Common Myths About Millennials
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Common Myths About Millennials

We are not who you think we are.

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Common Myths About Millennials
Recruitifi

A recent trending hashtag on twitter ignited a generational war between millennials and the rest of the internet. The hashtag, #HowToConfuseAMillenial, started out as an attempt to poke fun at millennials, but quickly backfired. Young people all over twitter decided to fight back and stand up for their generation, and used the hashtag to highlight some things they felt the older generation got wrong. This really got me thinking about how the world sees millennials. People think we are entitled, incompetent, and lazy, among other deplorable things. And this makes me angry. Very angry, because this is a very ignorant way to see my generation. I find it very interesting when older generations say believe these things, but they forget about who raised us, THEM. I'm not saying that my generation is the best, it isn't, but neither is any other generation. We all have our shortcomings, and we should all be united and stand together, rather than tear each other down. As a proud, hardworking, and determined millennial, I am here to dispel some myths about the generation no one can shut up about.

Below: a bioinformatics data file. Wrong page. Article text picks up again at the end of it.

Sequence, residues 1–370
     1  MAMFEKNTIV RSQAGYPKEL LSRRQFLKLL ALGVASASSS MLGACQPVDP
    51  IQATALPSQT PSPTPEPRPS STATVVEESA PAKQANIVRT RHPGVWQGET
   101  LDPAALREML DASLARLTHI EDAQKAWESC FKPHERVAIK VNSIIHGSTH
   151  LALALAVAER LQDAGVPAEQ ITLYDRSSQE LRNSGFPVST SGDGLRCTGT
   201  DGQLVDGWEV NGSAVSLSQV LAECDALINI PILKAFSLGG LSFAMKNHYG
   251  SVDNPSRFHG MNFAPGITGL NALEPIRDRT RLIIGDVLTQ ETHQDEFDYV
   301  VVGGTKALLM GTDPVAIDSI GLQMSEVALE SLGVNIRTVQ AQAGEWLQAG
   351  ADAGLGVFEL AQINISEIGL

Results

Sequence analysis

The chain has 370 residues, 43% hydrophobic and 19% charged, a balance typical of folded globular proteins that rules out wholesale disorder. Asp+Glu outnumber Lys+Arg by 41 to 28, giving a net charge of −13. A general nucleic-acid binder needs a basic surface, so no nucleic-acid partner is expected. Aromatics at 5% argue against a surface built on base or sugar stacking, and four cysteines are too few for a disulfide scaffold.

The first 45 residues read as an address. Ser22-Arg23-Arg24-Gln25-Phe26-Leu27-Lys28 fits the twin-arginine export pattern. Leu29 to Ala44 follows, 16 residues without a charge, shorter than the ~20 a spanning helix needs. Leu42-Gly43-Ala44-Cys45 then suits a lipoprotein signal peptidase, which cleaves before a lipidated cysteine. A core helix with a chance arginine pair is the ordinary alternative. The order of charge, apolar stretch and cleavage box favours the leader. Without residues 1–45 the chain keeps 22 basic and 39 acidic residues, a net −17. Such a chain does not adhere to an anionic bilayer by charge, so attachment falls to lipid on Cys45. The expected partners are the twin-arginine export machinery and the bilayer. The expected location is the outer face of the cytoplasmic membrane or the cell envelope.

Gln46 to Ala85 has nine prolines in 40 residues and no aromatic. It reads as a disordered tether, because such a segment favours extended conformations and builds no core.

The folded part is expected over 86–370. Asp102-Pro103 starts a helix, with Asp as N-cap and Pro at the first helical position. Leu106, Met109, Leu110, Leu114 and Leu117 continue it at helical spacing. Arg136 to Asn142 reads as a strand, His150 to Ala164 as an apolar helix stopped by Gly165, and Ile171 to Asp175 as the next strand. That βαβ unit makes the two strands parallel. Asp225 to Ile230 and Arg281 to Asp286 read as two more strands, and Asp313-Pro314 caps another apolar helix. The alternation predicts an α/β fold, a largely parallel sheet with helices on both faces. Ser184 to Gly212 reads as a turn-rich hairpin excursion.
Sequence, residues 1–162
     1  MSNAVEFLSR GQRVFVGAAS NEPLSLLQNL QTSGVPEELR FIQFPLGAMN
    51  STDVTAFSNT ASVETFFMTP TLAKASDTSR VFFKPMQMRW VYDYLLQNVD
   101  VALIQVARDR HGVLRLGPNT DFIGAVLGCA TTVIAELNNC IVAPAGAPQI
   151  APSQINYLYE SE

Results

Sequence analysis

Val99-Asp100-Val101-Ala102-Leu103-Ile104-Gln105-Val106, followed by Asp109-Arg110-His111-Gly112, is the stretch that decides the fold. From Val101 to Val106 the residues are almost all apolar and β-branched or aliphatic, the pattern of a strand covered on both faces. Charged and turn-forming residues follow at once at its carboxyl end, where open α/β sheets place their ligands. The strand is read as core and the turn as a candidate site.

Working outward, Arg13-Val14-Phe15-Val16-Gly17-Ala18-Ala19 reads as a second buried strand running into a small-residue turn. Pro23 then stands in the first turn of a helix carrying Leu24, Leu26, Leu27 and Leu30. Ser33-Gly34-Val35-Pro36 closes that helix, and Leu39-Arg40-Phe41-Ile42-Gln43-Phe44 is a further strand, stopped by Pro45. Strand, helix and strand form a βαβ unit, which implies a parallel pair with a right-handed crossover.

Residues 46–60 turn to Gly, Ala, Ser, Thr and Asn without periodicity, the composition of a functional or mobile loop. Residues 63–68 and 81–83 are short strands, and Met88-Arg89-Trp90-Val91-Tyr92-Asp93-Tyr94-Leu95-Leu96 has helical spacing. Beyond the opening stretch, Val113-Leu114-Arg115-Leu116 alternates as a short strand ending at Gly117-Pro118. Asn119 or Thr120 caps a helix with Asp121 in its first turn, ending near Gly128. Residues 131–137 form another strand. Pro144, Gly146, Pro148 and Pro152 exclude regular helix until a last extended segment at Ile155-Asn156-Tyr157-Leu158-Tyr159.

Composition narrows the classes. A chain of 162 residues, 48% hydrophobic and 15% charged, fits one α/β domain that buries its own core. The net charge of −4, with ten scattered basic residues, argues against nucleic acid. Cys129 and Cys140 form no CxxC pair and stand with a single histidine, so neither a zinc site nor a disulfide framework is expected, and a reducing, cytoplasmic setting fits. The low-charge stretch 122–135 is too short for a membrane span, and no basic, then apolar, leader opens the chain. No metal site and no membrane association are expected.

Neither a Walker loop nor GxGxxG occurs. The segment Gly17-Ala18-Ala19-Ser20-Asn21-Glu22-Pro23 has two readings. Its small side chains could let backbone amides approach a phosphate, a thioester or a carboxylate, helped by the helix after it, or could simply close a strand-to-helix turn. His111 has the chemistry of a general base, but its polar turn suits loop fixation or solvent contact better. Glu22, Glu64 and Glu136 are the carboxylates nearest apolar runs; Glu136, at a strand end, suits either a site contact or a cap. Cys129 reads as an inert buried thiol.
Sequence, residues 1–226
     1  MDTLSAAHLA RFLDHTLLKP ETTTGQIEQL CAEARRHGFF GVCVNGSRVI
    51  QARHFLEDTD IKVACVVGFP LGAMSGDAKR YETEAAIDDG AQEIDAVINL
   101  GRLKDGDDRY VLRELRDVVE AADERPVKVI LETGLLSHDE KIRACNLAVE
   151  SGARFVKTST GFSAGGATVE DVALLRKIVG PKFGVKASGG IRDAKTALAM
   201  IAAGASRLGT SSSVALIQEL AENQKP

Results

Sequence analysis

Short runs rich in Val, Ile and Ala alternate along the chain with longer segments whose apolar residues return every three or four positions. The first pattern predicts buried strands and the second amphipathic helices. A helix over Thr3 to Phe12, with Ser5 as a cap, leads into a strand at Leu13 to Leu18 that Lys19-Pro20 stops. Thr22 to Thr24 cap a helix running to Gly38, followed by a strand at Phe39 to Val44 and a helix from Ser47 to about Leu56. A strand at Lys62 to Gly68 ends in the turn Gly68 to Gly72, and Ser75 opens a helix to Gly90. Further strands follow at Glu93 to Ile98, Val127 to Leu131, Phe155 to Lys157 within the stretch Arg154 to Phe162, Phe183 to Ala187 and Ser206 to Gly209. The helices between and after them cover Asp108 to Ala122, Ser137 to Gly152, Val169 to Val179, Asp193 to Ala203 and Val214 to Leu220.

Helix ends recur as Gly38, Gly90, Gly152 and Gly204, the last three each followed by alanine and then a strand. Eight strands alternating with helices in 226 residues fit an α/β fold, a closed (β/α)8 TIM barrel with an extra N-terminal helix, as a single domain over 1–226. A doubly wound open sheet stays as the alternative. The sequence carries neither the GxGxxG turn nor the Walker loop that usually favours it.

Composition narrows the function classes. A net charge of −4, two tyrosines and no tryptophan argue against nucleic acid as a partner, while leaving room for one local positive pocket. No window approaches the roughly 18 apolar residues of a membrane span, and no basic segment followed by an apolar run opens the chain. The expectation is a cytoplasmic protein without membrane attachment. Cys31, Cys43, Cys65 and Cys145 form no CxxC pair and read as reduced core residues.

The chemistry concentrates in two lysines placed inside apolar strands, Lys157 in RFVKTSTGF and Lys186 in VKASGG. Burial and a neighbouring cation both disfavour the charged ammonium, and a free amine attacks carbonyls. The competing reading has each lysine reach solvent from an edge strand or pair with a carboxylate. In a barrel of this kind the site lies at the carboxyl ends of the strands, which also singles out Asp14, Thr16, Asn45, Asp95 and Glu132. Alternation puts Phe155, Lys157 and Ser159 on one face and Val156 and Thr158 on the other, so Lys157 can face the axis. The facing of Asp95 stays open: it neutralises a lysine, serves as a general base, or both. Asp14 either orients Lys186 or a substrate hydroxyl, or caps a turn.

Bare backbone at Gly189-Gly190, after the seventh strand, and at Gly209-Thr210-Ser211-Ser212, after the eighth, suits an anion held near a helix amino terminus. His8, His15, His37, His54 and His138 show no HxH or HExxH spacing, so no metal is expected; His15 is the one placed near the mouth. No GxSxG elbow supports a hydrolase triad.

"Millennials Depend On Their Parents Too Much."

Go on Facebook, and you will see at least a dozen different posts about how millennials are too quick to ask their parents for money and many are quick to point out that a huge percentage of millennials still live and depend on their parents financially, but why? Because we can't afford to live on our own. According to Zillow, 21 percent of people between the ages of 24 and 34 still live with their parents. Rising rent, student loan debt, and the lack of steady income before and after graduation are some of the many reasons millennials cannot afford their own homes. Living with parents takes away a financial burden, and it will allow them to continue their education and save up money to invest in a home. For example, I still live with my parents, go to school full time and work almost 30 hours a week, and I barely make enough money to pay for my textbooks, among other things. If I was to move out, I would be scraping by every single week, and that is not the kind of stress I want to have to worry about right now. So, yeah, the majority of the time it is not laziness, its survival.

"Millennials Lack Work Ethic."